Friday, May 23, 2008

The Real Bibi

May 22, 2008


1. How to Think About the World's Problems
May 22, 2008; Page A15
The pain caused by the global food crisis has led many people to belatedly
realize that we have prioritized growing crops to feed cars instead of
people. That is only a small part of the real problem.
This crisis demonstrates what happens when we focus doggedly on one
specific . and inefficient . solution to one particular global challenge.
A reduction in carbon emissions has become an end in itself. The fortune
spent on this exercise could achieve an astounding amount of good in areas
that we hear a lot less about.
Research for the Copenhagen Consensus, in which Nobel laureate economists
analyze new research about the costs and benefits of different solutions
to world problems, shows that just $60 million spent on providing Vitamin
A capsules and therapeutic Zinc supplements for under-2-year-olds would
reach 80% of the infants in Sub-Saharan Africa and South Asia, with annual
economic benefits (from lower mortality and improved health) of more than
$1 billion. That means doing $17 worth of good for each dollar spent.
Spending $1 billion on tuberculosis would avert an astonishing one million
deaths, with annual benefits adding up to $30 billion. This gives $30 back
on the dollar.
Heart disease represents more than a quarter of the death toll in poor
countries. Developed nations treat acute heart attacks with inexpensive
drugs. Spending $200 million getting these cheap drugs to poor countries
would avert 300,000 deaths in a year.
A dollar spent on heart disease in a developing nation will achieve $25
worth of good. Contrast that to Operation Enduring Freedom, which
Copenhagen Consensus research found in the two years after 2001 returned 9
cents for each dollar spent. Or with the 90 cents Copenhagen Consensus
research shows is returned for every $1 spent on carbon mitigation
Focusing first on costs and benefits means that we can reconsider the
merits of policies that have gone out of fashion.
The unpopular war in Iraq has undermined rich nations' belief in the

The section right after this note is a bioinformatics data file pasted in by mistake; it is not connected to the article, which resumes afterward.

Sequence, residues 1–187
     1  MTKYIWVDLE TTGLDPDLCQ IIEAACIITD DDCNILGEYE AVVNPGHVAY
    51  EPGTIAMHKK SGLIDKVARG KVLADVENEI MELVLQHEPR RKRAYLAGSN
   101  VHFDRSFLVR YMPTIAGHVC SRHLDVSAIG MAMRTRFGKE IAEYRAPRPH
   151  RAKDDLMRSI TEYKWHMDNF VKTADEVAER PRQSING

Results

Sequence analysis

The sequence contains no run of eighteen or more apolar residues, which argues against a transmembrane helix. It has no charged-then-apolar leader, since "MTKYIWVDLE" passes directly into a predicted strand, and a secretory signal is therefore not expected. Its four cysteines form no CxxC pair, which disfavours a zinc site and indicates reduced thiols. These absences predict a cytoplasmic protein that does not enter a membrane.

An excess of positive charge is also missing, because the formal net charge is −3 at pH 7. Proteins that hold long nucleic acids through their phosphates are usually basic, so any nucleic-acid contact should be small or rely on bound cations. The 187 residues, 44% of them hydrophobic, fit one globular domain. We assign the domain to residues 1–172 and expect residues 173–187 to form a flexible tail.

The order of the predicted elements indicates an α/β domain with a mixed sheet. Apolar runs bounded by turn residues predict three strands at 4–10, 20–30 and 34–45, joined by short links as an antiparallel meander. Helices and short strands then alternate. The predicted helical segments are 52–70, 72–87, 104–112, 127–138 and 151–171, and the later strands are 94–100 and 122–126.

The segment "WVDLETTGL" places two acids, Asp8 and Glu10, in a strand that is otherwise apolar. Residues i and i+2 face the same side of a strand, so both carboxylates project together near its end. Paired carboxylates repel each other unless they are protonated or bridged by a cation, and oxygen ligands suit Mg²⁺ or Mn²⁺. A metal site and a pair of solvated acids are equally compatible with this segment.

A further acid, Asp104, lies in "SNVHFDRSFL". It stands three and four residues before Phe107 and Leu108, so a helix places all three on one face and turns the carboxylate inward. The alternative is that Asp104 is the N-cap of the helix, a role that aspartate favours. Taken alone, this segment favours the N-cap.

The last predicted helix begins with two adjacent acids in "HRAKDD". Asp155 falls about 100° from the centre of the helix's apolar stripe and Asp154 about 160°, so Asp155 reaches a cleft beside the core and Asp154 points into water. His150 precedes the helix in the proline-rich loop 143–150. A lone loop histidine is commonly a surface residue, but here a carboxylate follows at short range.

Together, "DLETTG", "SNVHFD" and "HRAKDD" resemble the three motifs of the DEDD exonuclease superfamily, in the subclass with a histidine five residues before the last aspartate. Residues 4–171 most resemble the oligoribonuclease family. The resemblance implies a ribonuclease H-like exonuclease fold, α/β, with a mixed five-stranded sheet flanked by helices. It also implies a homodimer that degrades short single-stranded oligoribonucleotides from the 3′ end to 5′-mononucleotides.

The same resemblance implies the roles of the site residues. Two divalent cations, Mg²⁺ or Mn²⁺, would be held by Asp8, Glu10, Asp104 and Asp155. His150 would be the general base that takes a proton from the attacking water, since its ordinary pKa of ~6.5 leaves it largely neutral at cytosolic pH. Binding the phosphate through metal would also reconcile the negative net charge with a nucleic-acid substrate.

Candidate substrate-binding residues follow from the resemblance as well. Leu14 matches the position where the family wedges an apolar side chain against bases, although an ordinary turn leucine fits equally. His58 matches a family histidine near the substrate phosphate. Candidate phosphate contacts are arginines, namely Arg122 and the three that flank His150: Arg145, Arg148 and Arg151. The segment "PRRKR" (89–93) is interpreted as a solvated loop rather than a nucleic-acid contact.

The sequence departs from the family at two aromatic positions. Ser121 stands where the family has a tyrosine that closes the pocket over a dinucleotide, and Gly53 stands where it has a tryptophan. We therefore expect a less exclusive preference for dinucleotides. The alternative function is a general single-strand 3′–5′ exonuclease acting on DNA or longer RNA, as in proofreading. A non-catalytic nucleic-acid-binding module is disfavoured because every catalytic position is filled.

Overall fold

success of military intervention as a way of reducing conflict. But
Copenhagen Consensus research reveals that a peacekeeping force is even
more effective than aid in reducing the likelihood that a conflict-prone
nation will relapse into violence.
Four new civil wars are expected to break out in the next decade in
low-income nations. Compared with no deployment, spending $850 million on
a peacekeeping initiative reduces the 10-year risk of conflict re-emerging
to 7% from around 38%, according to Copenhagen Consensus research by
Oxford University's Paul Collier.
Because of war's horrendous and lasting costs, each percentage point of
risk reduction is worth around $2.5 billion to the world. Thus, spending
$850 million each year to reduce the risk of conflict by a massive 30
percentage points means a 10-year gain of $75 billion compared to the
overall cost of $8.5 billion, or $9 back on the dollar.
In other areas, too, sound economic analysis suggests solutions that we
may at first find unpalatable.
Poor water or sanitation affects more than two billion people and will
claim millions of lives this year. One targeted solution would be to build
large, multipurpose dams in Africa.
Building new dams may not be politically correct, but there are massive
differences between the U.S. and Europe . where there are sound
environmental arguments to halt the construction of large dams and even to
decommission some . and countries like Ethiopia which have no water
storage facilities, great variability in rainfall, and where dams could be
built with relatively few environmental side effects. A single reservoir
located in the scarcely inhabited Blue Nile gorge in Ethiopia would cost a
breathtaking $3.3 billion. But it would produce large amounts of
desperately needed power for Ethiopia, Sudan and Egypt, combat the
regional water shortage in times of drought, and expand irrigation. All
these benefits would be at least two-and-a-half times as high as the
In each of these areas . and in the areas of air pollution, education and
trade barriers . the world's scarce resources could be used to achieve
massive amounts of benefits.
Next week, some of the world's top economists, including five Nobel
laureates, will consider new research outlining the costs and benefits of
nearly 50 solutions to world problems . from building dams in Africa to
providing micronutrient supplements to combating climate change. On May
30, the Copenhagen Consensus panel will produce a prioritized list showing
the best and worst investments the world could make to tackle major
The research and the list will encourage greater transparency and a more
informed debate.
Acknowledging that some investments shouldn't be our top priority isn't
the same as saying that the challenges don't exist. It simply means
working out how to do the most good with our limited resources. It will
send a signal, too, to research communities about areas that need more
The global food crisis has sadly underlined the danger of continuing on
our current path of fixating on poor solutions to high-profile problems
instead of focusing on the best investments we could make to help the
Mr. Lomborg, organizer of Copenhagen Consensus, is the author of "Cool It:
The Skeptical Environmentalist's Guide to Global Warming" (Knopf, 2007).
See all of today's editorials and op-eds, plus video commentary, on
Opinion Journal1.
And add your comments to the Opinion Journal forum2.
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2. A New "New Historian"?

3. Appeasing Appeasers
May 22, 2008 NEW YORK SUN

4. See a really superb article on Israeli judicial tyranny at this web
site of Americans for Safe Israel, starting on page 3:

5. More Oslo Success:

6. The REAL Bibi
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